Last year, 15 companies listed on Tadawul or its secondary market Nomu, which has less stringent requirements to encourage smaller businesses, according to the CMA. This compared with eight in 2020, and Elkuwaiz added that dozens more were in the pipeline, of which some were family businesses.
The CMA’s list of requirements and disclosures for prospective floats includes some that family owners are unaccustomed to, such as the stipulation that they announce any action that could affect their share price.
Some that have listed have privately expressed regrets about the greater scrutiny to which they are now subjected said Ahmed BinDawood, chief executive of BinDawood Holding, one of Saudi Arabia’s biggest retailers. It floated a 20 per cent stake in late 2020, raising about $585m.
“They say it’s a nightmare and [would] prefer to take the company back to being private again,” he said. “When we ask them why, they say you have lots of committees and there is the board and we have to explain. [Shareholders] challenge us with ideas . . . a guy with maybe 10 shares coming questioning why I’m taking this action.”
This is despite most families choosing to only list a stake and remaining the majority owners. The Saudi market was included in the MSCI Emerging Markets Index three years ago, bringing in billions of dollars of foreign investment. But Tarek Fadlallah, chief executive of Nomura Asset Management in the Middle East, said global active fund managers are still underweight in the market which is dominated by local investors.
More family-owned businesses are either taking the plunge or considering it, BinDawood added, saying he had been approached by more than a dozen such businesses asking for advice.
BinDawood does not regret going public and cited a study that he said showed only 14 per cent of family-owned businesses survived past the third generation. He added his father and uncles were willing to bring in outsiders “competent to handle the company” and to ensure good governance.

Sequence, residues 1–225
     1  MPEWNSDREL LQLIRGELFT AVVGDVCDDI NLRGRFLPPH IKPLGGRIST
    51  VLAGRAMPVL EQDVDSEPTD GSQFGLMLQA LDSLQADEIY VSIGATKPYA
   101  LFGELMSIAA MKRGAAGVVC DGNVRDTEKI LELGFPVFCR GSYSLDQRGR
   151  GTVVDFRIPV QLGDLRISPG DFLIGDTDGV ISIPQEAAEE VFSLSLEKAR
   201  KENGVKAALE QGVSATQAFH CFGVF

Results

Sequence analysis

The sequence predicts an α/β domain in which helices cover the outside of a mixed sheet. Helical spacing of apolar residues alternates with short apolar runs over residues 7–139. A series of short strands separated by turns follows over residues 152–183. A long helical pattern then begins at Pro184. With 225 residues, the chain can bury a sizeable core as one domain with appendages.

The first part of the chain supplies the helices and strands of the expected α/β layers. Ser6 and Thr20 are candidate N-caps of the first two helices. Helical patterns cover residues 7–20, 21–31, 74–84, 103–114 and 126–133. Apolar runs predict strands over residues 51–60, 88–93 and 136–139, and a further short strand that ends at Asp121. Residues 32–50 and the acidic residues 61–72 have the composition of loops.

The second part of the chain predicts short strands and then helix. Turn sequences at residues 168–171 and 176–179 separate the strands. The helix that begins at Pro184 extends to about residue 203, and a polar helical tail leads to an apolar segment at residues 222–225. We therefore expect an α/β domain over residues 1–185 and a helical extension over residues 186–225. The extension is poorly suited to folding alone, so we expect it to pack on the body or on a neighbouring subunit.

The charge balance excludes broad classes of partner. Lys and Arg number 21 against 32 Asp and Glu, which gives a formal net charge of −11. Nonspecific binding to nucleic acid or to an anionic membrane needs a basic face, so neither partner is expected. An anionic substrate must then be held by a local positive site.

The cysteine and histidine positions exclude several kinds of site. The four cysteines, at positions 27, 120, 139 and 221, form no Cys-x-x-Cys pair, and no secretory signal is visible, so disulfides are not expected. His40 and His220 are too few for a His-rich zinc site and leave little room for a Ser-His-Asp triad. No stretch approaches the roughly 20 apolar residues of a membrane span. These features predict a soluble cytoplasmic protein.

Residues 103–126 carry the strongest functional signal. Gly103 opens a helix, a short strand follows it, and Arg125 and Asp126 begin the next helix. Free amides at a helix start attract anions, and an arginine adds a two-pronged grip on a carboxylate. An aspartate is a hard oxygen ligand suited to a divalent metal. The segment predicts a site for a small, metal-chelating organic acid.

Private companies cannot afford bitter internal disputes. Many have struggled over the past five years with rising costs and in some cases being crowded out by state owned-entities, particularly the sovereign Public Investment Fund, and companies it controls.
“Covid did affect a lot of family businesses. Cash has shrunk. The best way to quickly access liquidity is to list, monetising shares,” said BinDawood.
The main incentive to list now comes from the strength of the market, said Fadlallah. “If you’re a company looking for a high valuation, this is an optimal opportunity,” he said.
A rash of non-family-owned companies are also planning to go public. Tadawul itself has announced plans to list, with the exchange targeting a valuation of more than $3bn.
Another is Jahez, a popular food delivery app, which will become the first Saudi tech start-up to do so in the region when it floats a 18 per cent stake on Nomu.
Chair Mishal Bin Sultan al-Saud said going public should make the company more attractive to top-tier hires. “It gives a new profile, a new edge, a new image to your company . . . and it results in being a talent magnet,” he said, adding it would bring more “transparency and corporate governance”.
Additional reporting by Andrew England